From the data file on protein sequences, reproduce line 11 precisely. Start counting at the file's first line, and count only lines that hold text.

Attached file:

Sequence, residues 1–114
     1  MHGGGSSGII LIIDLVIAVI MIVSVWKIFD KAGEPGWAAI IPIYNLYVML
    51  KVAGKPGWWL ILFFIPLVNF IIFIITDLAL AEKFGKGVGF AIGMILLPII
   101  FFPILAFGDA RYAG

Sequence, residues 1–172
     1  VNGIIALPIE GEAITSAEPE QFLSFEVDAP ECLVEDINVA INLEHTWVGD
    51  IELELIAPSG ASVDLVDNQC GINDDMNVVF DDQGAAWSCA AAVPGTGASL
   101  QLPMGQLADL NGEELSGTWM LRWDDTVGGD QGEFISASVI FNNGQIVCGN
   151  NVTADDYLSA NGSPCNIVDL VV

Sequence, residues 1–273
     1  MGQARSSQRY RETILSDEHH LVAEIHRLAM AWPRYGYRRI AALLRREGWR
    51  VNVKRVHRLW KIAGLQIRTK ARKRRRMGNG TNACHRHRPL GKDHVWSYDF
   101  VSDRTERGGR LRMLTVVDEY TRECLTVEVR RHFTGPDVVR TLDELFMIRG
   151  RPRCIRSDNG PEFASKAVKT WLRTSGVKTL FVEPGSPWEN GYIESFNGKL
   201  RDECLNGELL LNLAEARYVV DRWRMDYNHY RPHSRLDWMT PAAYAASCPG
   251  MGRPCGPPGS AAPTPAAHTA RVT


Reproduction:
     1  MGQARSSQRY RETILSDEHH LVAEIHRLAM AWPRYGYRRI AALLRREGWR